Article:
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Rural Residence is Associated with Delayed Care Entry and Increased Mortality among Veterans with Human Immunodeficiency Virus (HIV) Infection

Ohl M. Rural Residence is Associated with Delayed Care Entry and Increased Mortality among Veterans with Human Immunodeficiency Virus (HIV) Infection. Paper presented at: VA HSR&D Rural Health / VA Office of Rural Health Field-Based Meeting; 2010 May 6; Portland, ME.




Abstract:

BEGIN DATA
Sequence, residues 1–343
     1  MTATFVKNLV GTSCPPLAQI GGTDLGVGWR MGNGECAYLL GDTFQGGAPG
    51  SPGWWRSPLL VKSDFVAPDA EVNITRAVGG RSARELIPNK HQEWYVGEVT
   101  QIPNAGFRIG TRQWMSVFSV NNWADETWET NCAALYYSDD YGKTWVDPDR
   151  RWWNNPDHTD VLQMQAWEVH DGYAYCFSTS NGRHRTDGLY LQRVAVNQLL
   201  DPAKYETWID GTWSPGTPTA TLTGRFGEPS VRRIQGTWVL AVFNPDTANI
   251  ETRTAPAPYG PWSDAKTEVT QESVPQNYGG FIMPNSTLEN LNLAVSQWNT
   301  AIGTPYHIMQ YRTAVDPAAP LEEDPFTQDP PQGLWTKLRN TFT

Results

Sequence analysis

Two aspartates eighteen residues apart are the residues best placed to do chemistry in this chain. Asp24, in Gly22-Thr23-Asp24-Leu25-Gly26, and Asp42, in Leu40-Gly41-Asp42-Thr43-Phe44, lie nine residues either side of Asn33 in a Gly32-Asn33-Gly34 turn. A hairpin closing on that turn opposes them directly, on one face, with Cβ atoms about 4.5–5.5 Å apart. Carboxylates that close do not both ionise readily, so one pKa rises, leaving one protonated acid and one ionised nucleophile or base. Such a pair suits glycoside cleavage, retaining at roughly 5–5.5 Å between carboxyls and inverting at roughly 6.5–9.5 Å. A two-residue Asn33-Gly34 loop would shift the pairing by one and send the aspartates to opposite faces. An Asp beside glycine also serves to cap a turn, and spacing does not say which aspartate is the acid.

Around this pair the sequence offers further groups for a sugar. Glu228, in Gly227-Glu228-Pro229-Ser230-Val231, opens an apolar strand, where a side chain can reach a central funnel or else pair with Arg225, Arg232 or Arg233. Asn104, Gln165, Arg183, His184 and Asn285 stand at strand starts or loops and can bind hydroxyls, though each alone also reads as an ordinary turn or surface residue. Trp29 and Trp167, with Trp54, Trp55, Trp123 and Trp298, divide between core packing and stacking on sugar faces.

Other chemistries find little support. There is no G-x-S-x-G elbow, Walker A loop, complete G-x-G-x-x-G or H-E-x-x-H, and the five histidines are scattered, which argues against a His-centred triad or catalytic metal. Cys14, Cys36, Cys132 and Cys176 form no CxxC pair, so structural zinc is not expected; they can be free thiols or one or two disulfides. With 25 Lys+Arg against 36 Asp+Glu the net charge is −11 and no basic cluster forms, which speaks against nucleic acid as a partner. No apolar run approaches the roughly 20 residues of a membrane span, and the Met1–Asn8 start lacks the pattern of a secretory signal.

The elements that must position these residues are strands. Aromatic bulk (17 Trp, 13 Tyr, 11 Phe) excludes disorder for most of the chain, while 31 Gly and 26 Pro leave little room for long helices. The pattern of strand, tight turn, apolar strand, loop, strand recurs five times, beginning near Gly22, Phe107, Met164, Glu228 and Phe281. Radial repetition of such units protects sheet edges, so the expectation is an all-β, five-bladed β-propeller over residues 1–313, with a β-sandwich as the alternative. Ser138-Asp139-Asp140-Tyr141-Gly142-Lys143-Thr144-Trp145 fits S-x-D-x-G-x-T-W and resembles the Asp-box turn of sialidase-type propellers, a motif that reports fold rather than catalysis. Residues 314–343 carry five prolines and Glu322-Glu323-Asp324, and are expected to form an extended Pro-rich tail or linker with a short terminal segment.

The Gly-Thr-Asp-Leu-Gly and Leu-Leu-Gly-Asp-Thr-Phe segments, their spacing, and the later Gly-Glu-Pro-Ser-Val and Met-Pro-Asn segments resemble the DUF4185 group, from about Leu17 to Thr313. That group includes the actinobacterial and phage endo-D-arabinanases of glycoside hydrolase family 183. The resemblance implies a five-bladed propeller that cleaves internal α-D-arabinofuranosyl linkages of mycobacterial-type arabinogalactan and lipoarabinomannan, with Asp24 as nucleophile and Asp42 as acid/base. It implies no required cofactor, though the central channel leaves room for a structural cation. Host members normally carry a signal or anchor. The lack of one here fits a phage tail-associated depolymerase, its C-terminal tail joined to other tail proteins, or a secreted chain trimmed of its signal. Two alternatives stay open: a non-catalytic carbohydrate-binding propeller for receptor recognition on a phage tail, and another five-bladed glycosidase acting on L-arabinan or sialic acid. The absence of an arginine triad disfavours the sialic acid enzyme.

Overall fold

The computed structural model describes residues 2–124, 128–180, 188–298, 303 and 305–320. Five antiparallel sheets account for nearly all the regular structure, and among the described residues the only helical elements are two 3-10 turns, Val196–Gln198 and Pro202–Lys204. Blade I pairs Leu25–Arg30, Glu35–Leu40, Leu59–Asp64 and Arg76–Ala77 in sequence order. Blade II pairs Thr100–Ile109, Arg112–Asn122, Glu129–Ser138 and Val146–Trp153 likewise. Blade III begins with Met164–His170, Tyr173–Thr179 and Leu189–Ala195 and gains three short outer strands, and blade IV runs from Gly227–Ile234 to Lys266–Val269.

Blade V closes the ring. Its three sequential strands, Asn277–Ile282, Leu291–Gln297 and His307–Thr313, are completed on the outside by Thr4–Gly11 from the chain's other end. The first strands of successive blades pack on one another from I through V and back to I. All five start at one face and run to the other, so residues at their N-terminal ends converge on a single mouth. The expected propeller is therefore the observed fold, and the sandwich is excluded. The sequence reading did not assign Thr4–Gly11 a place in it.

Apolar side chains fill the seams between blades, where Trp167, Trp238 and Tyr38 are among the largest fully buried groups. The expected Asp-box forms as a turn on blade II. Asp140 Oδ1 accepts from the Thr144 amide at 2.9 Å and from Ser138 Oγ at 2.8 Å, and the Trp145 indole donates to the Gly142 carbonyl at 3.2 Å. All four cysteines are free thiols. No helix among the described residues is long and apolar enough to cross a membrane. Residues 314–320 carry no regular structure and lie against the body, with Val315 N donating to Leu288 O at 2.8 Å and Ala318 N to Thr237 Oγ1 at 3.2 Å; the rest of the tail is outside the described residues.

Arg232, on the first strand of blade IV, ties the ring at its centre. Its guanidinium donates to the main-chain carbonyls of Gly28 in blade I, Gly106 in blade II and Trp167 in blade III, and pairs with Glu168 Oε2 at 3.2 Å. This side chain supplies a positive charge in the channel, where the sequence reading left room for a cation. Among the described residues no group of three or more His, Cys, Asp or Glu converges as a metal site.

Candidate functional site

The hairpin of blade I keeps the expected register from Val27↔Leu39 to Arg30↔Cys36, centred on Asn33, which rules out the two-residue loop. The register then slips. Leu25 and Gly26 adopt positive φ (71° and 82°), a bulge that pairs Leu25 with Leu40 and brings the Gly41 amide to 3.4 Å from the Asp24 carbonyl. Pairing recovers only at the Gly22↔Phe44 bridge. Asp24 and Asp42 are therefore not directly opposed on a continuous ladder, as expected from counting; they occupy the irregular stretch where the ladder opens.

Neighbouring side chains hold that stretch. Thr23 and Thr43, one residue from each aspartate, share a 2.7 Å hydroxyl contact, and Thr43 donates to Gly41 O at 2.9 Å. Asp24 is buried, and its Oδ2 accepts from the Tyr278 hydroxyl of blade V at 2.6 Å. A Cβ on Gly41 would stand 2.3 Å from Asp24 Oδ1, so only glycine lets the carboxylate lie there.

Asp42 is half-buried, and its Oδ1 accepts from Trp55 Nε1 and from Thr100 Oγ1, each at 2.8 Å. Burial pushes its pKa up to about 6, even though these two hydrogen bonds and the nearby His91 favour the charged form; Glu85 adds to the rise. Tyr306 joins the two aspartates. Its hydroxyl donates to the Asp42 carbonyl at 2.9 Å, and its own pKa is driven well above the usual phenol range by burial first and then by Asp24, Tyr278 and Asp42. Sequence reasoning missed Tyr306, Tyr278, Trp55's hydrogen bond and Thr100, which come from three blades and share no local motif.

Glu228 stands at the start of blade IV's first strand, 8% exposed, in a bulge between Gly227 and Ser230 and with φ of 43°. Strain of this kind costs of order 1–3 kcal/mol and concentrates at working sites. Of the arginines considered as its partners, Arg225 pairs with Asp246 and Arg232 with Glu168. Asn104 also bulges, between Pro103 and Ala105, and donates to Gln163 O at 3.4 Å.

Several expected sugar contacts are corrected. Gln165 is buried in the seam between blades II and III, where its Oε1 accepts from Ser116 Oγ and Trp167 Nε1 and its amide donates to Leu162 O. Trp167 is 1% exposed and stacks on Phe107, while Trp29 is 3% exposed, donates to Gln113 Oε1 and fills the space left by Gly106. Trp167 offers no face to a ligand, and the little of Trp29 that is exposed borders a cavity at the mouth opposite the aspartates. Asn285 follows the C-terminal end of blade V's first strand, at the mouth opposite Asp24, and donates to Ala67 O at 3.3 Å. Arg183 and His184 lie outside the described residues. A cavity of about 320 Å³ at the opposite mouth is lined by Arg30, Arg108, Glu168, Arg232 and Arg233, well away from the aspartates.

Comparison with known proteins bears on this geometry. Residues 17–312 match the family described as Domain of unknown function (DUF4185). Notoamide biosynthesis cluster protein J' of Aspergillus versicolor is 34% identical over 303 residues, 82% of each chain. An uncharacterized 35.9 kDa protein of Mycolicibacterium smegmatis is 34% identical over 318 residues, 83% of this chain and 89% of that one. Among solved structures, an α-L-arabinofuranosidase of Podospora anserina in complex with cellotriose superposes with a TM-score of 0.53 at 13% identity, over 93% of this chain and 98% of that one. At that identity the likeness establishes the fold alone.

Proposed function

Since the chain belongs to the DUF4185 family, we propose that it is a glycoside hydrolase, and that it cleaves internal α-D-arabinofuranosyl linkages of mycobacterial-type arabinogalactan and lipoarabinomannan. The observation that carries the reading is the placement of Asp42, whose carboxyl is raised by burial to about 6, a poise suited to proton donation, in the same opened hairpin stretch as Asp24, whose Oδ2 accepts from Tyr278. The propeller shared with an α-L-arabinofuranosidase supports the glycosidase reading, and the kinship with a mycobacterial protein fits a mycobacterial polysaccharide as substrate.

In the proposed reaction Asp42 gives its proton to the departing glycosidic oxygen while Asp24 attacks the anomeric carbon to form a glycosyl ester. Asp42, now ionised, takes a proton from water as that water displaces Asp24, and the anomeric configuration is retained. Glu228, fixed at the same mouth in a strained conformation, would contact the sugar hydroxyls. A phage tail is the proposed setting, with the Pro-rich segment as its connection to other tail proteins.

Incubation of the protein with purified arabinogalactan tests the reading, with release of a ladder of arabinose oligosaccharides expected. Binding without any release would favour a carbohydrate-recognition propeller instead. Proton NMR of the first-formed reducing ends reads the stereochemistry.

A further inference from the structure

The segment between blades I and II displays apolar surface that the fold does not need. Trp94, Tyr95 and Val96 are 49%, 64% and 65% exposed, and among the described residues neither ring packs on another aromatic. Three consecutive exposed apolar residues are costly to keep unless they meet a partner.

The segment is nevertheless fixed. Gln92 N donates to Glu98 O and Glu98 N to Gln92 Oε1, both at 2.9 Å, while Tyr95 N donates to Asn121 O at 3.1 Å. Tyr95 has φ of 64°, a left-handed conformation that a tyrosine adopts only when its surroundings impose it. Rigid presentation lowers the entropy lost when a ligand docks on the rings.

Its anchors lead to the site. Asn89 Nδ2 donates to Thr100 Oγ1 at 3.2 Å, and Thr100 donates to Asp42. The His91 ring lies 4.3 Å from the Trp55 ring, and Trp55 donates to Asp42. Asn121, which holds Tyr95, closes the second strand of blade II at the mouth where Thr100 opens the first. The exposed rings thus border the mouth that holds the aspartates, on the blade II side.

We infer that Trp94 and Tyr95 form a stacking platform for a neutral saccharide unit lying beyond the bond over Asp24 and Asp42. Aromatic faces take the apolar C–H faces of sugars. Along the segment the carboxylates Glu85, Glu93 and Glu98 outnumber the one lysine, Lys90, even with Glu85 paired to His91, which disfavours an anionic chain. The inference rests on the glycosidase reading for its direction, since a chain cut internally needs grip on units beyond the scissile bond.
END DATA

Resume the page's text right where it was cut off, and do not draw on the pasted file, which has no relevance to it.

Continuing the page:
Rural persons face many barriers to care, but little is known about rural-urban variation in HIV outcomes. The objective of this study was to determine the association between rural residence and outcomes for veterans with HIV infection. Methods Design, Setting, and Patients: Retrospective cohort study of all cause mortality among persons initiating HIV care in Veterans Administration (VA) during fiscal years 1998-2007, with mortality follow up through fiscal year 2008. Rural residence was determined using Rural Urban Commuting Area codes, collapsed into urban and rural categories. Using a previously validated case finding algorithm, we identified 23,131 persons entering VA care with a diagnosis of HIV during 1998-2007. A viral load and CD4 were available within 180 days of the first contact with an HIV diagnosis for 12,827. Exclusion of 3,131 with viral load 400 at baseline and 698 with antiretroviral prescription before first viral load left 8,998 persons with no evidence of combination antiretroviral therapy (cART) use at care entry. Outcome Measure: Time to death following care entry. Analysis: Multivariate proportional hazards regression with robust variance estimates accounting for clustering of patients in facilities. Results Of the 8,998 persons entering care, 745 (8.3%) were rural. At care entry rural persons were less likely than urban persons to have drug use problems (10.5% vs. 19.0%, p < 0.001) or hepatitis C (34.6% vs. 40.8%, p = 0.001), but had more advanced HIV infection (median CD4 186 vs. 247, p < 0.001). Rural persons were more likely than urban to be diagnosed with an AIDS defining illness within 180 days of care entry (15.3% vs. 11.9%, p = 0.006). Overall, 7,187 persons (79.9%) initiated cART during 1998-2008 (83.0% of rural vs. 79.6% of urban, p = 0.03). Six years after entering care there were 2,078 deaths (203 rural and 1,875 urban), with a crude mortality rate of 27.2% for rural and 22.7% for urban persons (p = 0.005). The hazards of death were higher for rural than urban persons (Hazard ratio 1.24 , 95% confidence interval 1.05-1.48). The mortality hazard ratio decreased to 1.16 (0.99-1.32) after adjusting for age, CD4 count, AIDS defining illnesses, drug or alcohol use problems, and hepatitis B or C at baseline, and cART use as a time dependent covariate. Implications The observed difference in CD4 count at care entry between rural and urban persons corresponds to an approximately 1 year relative delay in care entry for rural persons. Future studies should explore the person, care system, and community level determinants of delayed care entry and increased mortality for veterans with HIV. Increased understanding of these factors is necessary to guide interventions to reduce survival disparities for rural veterans with HIV. Impacts In an effort to increase HIV diagnosis and link HIV positive veterans to care, VA has recently recommended routine HIV testing for all veterans. Findings from this study have been shared with Public Health Strategic Healthcare Group (PHSHG) and HIV / Hepatitis C QUERI, who are currently evaluating implementation of routine HIV testing policies in urban and rural VA care settings.





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